In October 2001, Rhio O’Connor was diagnosed with Mesothelioma, a rare cancer caused by exposure to asbestos. This is a disease in which a cancerous tumor grows on the sac lining internal body cavities. For O’Connor, surgery was impossible because of the position of the tumor, which was near his spine, and chemotherapy would only increase the length of his life a little bit compared to how much it would decrease the quality of his life. Consequently, O’Connor’s doctors didn’t give him long to live: only one year. His oncologist even recommended that his wife take him on a cruise and put him in hospice when they returned.
However, O’Connor wouldn’t accept the doctors’ prognosis. He wouldn’t simply give in to the disease and allow death to overtake him. Determined to survive, O’Connor worked with several doctors and professional clinicians while also researching on his own in order to find a way to beat the cancer. Through all of his hard work, determination and a great deal of faith, he lived with the disease for seven years, outliving his prognosis by six years.
Rhio O’Connor’s story is especially inspiring to me because if I were in his position, I would probably listen to the doctors and prepare to die. I would believe that because my doctors are educated and have dealt with this type of case before that they would know what’s best for me personally. I would, of course, try to get opinions from several different doctors, but if I received the same prognosis from all of them, I would accept my fate. I’m not the type of person who is determined to live my life to fullest. I am often content to sit back and allow others to have fun and be happy. Sometimes I think that I don’t deserve to live a fulfilling life, but Rhio O’Connor’s story teaches me that life is worth fighting for. Even if you have to take 100 supplements a day, change your diet and practice different types of medicine, you’re still alive and spending time with the people that you love.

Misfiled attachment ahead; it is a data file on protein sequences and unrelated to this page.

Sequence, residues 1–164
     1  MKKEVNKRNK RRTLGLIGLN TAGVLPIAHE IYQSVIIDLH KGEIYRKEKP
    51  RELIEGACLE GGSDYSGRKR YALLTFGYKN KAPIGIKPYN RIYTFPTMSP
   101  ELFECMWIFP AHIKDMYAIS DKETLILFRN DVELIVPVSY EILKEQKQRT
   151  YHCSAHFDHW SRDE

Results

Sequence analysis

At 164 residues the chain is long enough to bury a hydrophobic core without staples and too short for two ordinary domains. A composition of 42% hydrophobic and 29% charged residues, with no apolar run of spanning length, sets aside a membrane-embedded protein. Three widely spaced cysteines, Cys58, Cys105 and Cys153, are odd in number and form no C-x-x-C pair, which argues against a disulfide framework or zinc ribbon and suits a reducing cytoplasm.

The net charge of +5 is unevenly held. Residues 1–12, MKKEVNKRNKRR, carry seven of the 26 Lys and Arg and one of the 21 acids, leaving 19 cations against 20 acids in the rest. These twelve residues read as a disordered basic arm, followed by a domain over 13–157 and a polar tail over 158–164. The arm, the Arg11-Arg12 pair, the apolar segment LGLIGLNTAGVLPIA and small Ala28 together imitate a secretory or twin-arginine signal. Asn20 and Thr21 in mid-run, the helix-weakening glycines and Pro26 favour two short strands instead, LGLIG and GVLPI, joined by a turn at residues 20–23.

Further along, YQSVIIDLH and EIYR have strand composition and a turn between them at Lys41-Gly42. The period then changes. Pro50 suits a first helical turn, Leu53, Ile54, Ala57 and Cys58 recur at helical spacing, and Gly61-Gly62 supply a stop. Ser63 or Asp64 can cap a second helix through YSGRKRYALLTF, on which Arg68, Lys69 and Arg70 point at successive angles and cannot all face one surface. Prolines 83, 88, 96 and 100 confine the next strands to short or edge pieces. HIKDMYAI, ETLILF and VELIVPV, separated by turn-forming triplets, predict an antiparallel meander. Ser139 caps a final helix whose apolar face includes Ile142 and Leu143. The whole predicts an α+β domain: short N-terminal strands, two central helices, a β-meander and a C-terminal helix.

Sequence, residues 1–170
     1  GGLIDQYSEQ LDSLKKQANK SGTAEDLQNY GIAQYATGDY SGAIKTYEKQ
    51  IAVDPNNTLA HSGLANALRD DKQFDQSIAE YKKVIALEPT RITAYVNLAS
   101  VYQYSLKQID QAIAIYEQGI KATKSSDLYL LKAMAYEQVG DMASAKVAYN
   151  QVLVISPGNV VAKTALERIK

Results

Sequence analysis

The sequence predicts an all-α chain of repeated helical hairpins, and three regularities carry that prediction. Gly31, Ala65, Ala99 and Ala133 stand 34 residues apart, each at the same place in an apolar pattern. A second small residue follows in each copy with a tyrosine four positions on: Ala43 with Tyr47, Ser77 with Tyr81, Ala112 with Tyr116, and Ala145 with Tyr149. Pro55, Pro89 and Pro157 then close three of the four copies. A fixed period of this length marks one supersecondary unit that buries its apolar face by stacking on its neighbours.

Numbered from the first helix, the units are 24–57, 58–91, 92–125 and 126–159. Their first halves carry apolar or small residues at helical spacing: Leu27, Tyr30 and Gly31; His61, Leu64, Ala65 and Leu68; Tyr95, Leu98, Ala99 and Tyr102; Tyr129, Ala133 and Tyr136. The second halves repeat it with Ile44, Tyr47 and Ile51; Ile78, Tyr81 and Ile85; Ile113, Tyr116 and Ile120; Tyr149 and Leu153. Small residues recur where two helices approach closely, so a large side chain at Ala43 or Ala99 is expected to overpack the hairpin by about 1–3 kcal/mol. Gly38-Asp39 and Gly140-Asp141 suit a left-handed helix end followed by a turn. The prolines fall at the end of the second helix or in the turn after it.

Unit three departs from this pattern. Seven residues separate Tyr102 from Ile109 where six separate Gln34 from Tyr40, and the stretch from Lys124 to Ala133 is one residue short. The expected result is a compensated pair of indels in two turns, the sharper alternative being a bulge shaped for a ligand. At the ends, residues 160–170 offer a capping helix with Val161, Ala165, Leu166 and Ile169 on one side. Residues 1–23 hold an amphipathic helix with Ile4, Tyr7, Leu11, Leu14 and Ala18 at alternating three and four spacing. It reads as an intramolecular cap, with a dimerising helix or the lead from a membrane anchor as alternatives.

Rhio O’Connor’s story also holds personal value in my life. A couple of years ago, my uncle was diagnosed with cancer. He was recently given only six months to live. I can only hope that my uncle can take a cue from O’Connor and fight the cancer and beat it for several years to come. When I came to Michigan for college, I began to spend more time with my aunt and uncle and became much closer to them. I have seen firsthand how the cancer has destroyed the morale of their entire family but also brought them closer together through the fight against this horrible disease. Throughout the years, my uncle has tried several different treatments for his cancer, including chemotherapy, radiation, stem cell transplants, and many different drugs. He will most likely continue to try to find a way to live longer, but with everything that he has tried, a new “miracle” cure may be difficult to come upon. I admire my uncle’s strength through his fight with cancer. Like Rhio O’Connor, he depended on his faith in God to give him courage and resilience in life and death. I know that he cherishes each day that he gets to spend with his family, because he loves them endlessly and knows that he has limited time with them.
Overall, both Rhio O’Connor and my uncle inspire me to live my life differently. O’Connor teaches me that life is never worth giving up on and that if we fight our hardest and have a great deal of faith, we might just beat the odds. My uncle teaches me that every day is an important day. We need to remember what is important in our lives and be thankful for those things. Focusing on the bad things, like cancer, will lead us to see life negatively and to give up. Because I have read about Rhio O’Connor’s story and viewed my uncle’s situation firsthand, I know that I would face a deadly disease like cancer differently. Perhaps I wouldn’t try to fight it for seven years, but I also wouldn’t allow it to overtake my life and give up. Both these men have inspired me greatly.
By: Pranger, Kathryn